For those wishing for a respite from the “pretty” punk shows, this tour was perfect. All the groups involved had lots more substance than style, and more fun than a group of drunken sailors the night after they returned from sea.
What about the music? Shush. I’m trying to foist my narrowminded view on you, the reader.
First up, and who I can only assume was a local opener, the Matics ripped into about 7 songs, announcing: “Usually we have 5 shots in between songs, but we’ll do that later.” If you’re wondering whether that sounds just a tad like Dillinger Four, that’s why I wrote it, because the Matics sound like a cross between Dillinger Four and Hot Water Music. Lots of gravelly vocals and heavy guitars, cemented by a solid rhythm section. Definitely worth checking out. (Thanks Bill, you were right.)
At the Bottom Lounge, things seem to be getting better. For the first time I can remember, they have a working light system, and have played wonderful music between bands (included were Descendents' “I’m Not A Loser,” Hot Water Music’s “Trusty Chords” and Lifetime’s “Young, Loud And Scotty”), so perhaps that’s where the $2 surcharge is going on the $10 tickets.
Anywho, the Loved Ones made their second Chicago appearance, the first being an in-store at the Virgin Megastore 4 hours previously. As could be expected from their previous groups, their live show was excellent and highly addictive. No one seemed to be getting into it, though. Then again, I’ve seen more crowded condemned 200-year-old Victorian villas than the Bottom Lounge that night. Sure, I and a couple other people knew the words, and for that, I enjoyed the set and it seems so did the rest of the docile crowd. TLO return with Tsunami Bomb, and that sounds like a tour that’s more TLO’s speed, so if you’re interested, I’d suggest that tour.
Throw Rag were fucking bizarre. Before I get to their onstage antics, I have to be honest; the music was great. Absolutely wonderful. Fast, dirty, sleazy stuff which never strayed too far from street punk. To that formula, they brought what could only be the evil version of Avail’s Beau Beau. He played spoons, mandolin, trumpet, whatever the song called for, and occasionally added backing vocals. While their energy was not boundless, their set seemed to take a life of its own, and everyone in the venue smiled and went along with it.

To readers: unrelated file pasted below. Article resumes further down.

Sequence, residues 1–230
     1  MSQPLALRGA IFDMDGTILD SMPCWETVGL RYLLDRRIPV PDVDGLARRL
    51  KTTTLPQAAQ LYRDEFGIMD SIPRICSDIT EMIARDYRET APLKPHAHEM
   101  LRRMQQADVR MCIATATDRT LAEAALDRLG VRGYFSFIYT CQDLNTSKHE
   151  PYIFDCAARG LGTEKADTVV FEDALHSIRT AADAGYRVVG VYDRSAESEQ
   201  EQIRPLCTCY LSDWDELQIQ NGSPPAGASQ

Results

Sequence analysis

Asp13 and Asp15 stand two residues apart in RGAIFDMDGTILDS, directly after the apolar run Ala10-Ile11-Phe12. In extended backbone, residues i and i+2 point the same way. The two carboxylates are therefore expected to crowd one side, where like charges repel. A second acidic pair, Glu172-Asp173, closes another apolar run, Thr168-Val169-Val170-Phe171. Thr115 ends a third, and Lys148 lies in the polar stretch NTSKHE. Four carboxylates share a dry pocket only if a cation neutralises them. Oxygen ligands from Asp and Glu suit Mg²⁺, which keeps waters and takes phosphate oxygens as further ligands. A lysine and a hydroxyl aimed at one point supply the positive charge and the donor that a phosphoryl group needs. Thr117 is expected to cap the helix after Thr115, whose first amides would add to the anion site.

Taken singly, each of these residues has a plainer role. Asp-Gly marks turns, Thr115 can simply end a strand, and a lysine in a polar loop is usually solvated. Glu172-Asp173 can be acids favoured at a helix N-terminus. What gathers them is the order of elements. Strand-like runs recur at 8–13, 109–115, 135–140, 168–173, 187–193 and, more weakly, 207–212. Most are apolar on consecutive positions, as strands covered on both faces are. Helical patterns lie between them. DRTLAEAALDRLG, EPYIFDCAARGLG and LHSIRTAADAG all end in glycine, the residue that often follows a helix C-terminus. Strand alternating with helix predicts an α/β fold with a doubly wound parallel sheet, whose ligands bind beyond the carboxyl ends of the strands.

Of course, whether the smile was out of confusion or enjoyment, you couldn’t tell. The singer started out in a sailor’s cap and a suit and pants, but by the end of the set, he was down to his underwear, shoving his crotch in the faces of the girls up front. His voice betrayed either insanity, a speed addiction, or a carefully rehearsed and calculated stage presence. Further than that, the group's get-up seemed to be there for the sole purpose of convincing the audience that these guys were as cuddly as a rabid wolverine and as sleazy as a cheap motel. Something tells me Johnny Rotten would be proud.
That said, that sort of street punk thing isn’t my cup of tea, so if you are familiar with this stuff, and think I’ve got this group pegged wrong, do tell me.
I expected the Explosion to draw a bigger crowd, but this was not the case. Rising punk rock band gaining fans on a global scale, my ass. At the height of the performance, there were 75 people there, and that’s a generous estimate. This is Chicago, on a Friday night, near to public transportation. Be it an anomaly or something else, the Explosion persevered and the assembled crew of punx, indie kids, hipsters, and locals here for the Matics got together and sang along for nearly an hour to old favorites like “God Bless The S.O.S.,” “Terrorist,” “E.X.P.L.O.S.I.O.N.” and “Sick Of Modern Art” as well as Black Tape material “No Revolution,” “Here I Am” (which sounds worlds better than the recorded version), “Atrocity,” “I Know,” and old as hell material “Seeing Red” (yes, that was a Minor Threat cover, and that made me shit my pants).
For those wondering if a major label dulled the Explosion’s edge, I can’t say. Sure, I saw them in 2003 with AFI and the Blood Brothers, but I didn’t understand the genre well enough then. I can, however, tell you that the Explosion kicked major ass this time around. As stated previously, tracks from Black Tape gelled well with older stuff, and the new material seemed somehow more catchy than previous “efforts.” Million Dollar Matt, Damien and the boys romped through the set with indefatigable energy, even asking the audience for suggestions as to where to drink after the show.
The night was one of raucous fun, hanging out with friends and generally enjoying the company of a limited number of people, all screaming along with you.
The press release up on pastepunk sums up the tour perfectly:
So, we…I asked them [The Explosion] who they want to have come as support for this April/May tour, they replied with Throw Rag & the Loved Ones. Instead of picking the new, hip, cool, shitty band on whatever cool, hip, crappy label, they wanted to accomplish one thing: have the most fun possible."
If a night of fun, honest, punk rock was the aim, then the tour succeeded on a grand scale. Highly recommended.